7. MS64 PCGS. Dr. Thaine B. Price Collection (David Akers, 5/1998), lot 100, not certified at the time, graded Very Choice Uncirculated by the cataloger; Dr. Richard Ariagno Collection (Goldberg, 5/1999), lot 895; FUN Signature (Heritage, 1/2003), lot 9326; San Francisco ANA (Heritage, 7/2005), lot 10428; Long Beach Signature (Heritage, 9/2009), lot 1950, realized $132,250.
8. MS64 PCGS. Phillip H. Morse Collection (Heritage, 11/2005), lot 6642; Pre-Long Beach Auction (Goldberg, 9/2007), lot 3523; Pre-Long Beach Auction (Goldberg, 1/2010), lot 2628.
9. MS64 PCGS. FUN Signature (Heritage, 1/2007), lot 3287; Jay Brahin; FUN Signature (Heritage, 1/2010), lot 2314, realized $161,000.
10. MS64 PCGS. Rarities Sale (Bowers and Merena, 10/2004), lot 940.
11. Very Choice Uncirculated 64. Auction '90 (David Akers, 8/1990), lot 1988.
12. MS64 PCGS. FUN Signature (Heritage, 1/2010), lot 2313, realized $133,975.
13. MS64+ PCGS Secure. CAC. Simpson Collection; ANA Signature (Heritage, 8/2010), lot 3622, realized $161,000.
14. MS64 Secure PCGS. Chicago Signature (Heritage, 8/2011), lot 7699.
15. MS64 Uncertified. The example in the National Numismatic Collection at the Smithsonian Institution.
16. A specimen in the ANS Collection, reported to be a "superb gem" by Jeff Garrett and Ron Guth.
David Akers Comments:
This is the third most valuable collectible regular issue of the series in all grades, exceeded by only the 1927-D and 1921. Not surprisingly then, it is one of the most important coins by which the quality of any set of Saint-Gaudens double eagles is ultimately judged. The 1920-S is not the third rarest issue in the series in terms of total population rarity, however, since there are many more examples of this issue in existence than there are of the 1930-S and 1932 although most of them are EF, AU and the lowest uncirculated grades below MS63. While the half million plus mintage of the 1920-S is less than that of most of the other rarities of the 1920's, like the others this issue was not really intended for general circulation. However, the number of circulated examples around shows that at least some small quantities were released into public hands, and other modest quantities were also sent to Europe between 1926 and 1933, probably in mixed date, mostly circulated bags (same for the 1921). I doubt if any single date bags of uncirculated 1920-S double eagles were ever sent overseas since no large quantity or even small groups of uncirculated 1920-S Saints were ever returned to the U.S., just the occasional circulated or minimal uncirculated specimen. Paul Wittlin, the European buyer for James Kelly and later Paramount, searched more than 20 years for rare and scarce date U.S. gold coins in Paris and Swiss banks and acquired some amazing things yet managed to find only the occasional single AU or uncirculated 1920-S double eagle, never any quantities of uncirculated pieces and not a single one that was really nice, like MS63 or better. So it is my opinion that the known population of the 1920-S has not materially changed in decades and nearly all of the specimens in the hands of collectors and dealers today, and certainly all of the better grade ones, were most likely the ones known in the 1940's. That is probably why the 1920-S was considered only rare at that time but not really one of the major rarities of the day. Since then the 1920-S has risen to the top of the rarity pyramid of Saint-Gaudens double eagles, not because it has been found to be more rare than originally thought but rather because all of the others ahead of it at that time (except the 1921) were subsequently found in sufficient quantities to prove them less rare.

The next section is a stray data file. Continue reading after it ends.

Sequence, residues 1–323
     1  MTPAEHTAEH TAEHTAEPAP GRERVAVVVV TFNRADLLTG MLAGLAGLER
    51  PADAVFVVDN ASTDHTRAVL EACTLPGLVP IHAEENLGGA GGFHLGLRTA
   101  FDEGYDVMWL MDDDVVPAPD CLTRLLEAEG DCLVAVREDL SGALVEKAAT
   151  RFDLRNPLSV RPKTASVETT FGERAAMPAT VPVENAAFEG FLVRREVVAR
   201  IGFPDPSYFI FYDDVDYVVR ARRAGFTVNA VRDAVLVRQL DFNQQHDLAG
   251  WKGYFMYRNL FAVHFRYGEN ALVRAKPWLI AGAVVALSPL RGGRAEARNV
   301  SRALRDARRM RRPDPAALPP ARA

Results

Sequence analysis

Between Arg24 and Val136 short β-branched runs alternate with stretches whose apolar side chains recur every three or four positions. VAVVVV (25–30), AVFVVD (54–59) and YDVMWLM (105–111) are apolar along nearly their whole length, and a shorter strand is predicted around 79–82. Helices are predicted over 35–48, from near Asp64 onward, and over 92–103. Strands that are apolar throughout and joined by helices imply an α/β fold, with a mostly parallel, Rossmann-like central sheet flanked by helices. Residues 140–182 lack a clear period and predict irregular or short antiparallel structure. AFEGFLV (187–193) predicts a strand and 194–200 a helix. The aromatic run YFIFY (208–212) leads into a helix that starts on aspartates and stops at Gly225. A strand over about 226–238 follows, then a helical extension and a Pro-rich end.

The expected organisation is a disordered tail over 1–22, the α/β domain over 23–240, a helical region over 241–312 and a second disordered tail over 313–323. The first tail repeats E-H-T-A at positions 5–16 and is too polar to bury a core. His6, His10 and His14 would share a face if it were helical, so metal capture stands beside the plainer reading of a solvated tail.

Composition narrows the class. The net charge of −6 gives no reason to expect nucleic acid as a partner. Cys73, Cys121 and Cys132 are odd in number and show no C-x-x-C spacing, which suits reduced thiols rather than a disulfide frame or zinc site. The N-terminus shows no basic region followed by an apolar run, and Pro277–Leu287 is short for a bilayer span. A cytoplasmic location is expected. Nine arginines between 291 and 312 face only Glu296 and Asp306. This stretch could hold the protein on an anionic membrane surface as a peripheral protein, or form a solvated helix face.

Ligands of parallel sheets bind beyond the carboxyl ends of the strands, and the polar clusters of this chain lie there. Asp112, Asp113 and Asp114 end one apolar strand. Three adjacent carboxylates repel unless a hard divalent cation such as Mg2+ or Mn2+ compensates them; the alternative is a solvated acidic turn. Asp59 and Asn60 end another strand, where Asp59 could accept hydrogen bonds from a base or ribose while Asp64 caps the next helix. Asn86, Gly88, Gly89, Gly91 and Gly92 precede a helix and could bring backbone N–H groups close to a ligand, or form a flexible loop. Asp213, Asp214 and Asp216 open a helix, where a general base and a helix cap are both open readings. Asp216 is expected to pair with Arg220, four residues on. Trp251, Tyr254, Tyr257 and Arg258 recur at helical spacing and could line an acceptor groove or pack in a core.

It is in the grades of choice uncirculated and above that the 1920-S really makes its case as a major rarity today. Relatively few grade as high as MS63 and MS64, perhaps only 25-35 pieces between the two grades combined and, in gem MS65 condition, no more than 6-8 are known, if that many when strict grading is applied, including the Jeff Browning (Dallas Bank Collection) specimen as perhaps the finest of that grade group. Only two MS66 examples have been graded and both have been owned by Dr. Steven Duckor. He and I attended the Eliasberg sale together in 1982 when he bought the first of the two coins. The Eliasberg coin was very conservatively graded MS63 but it was obviously a gem with great color, luster and eye appeal. It subsequently was graded MS66 by PCGS. Almost 20 years later, Dr. Duckor decided to sell the coin because he received an offer for it that was simply too good to turn down. He didn't expect to ever own another 1920-S again, but fortunately, some years later, he had the opportunity to purchase the 1920-S now offered here with his collection, also graded MS66 by PCGS. In my opinion, his current MS66 coin is clearly finer than the Eliasberg specimen he previously owned even though they are both in holders with the same technical grade. I believe that this coin is actually deserving of a (+) designation at the very least and that it is every bit as superb as any of the other MS66+ coins in his set, if not finer.
From The Dr. and Mrs. Steven L. Duckor Collection.
Seller is donating a portion of their proceeds, and Heritage is donating the same portion of the Buyer's Premium, from the sale of this lot to the National Numismatic Collection at the Smithsonian Institution. See page 3 for details.(Registry values: N1) (NGC ID# 26FZ, PCGS# 9171)
Service and Handling Description: Coins & Currency (view shipping information)
Revised Edition by James L. Halperin, Mark R. Borckardt, Mark Van Winkle, Jon Amato, and Gregory J. Rohan, with special contributor David W. Akers
The Coinage of Augustus Saint-Gaudens is an issue-by-issue examination of these two artistically inspired series of gold coins.
Each date and mintmark is reviewed with up-to-date information, much of which has never been previously published. The book is based on
two extraordinary collections: The Phillip H. Morse collection and the Dr. and Mrs. Steven L. Duckor collection.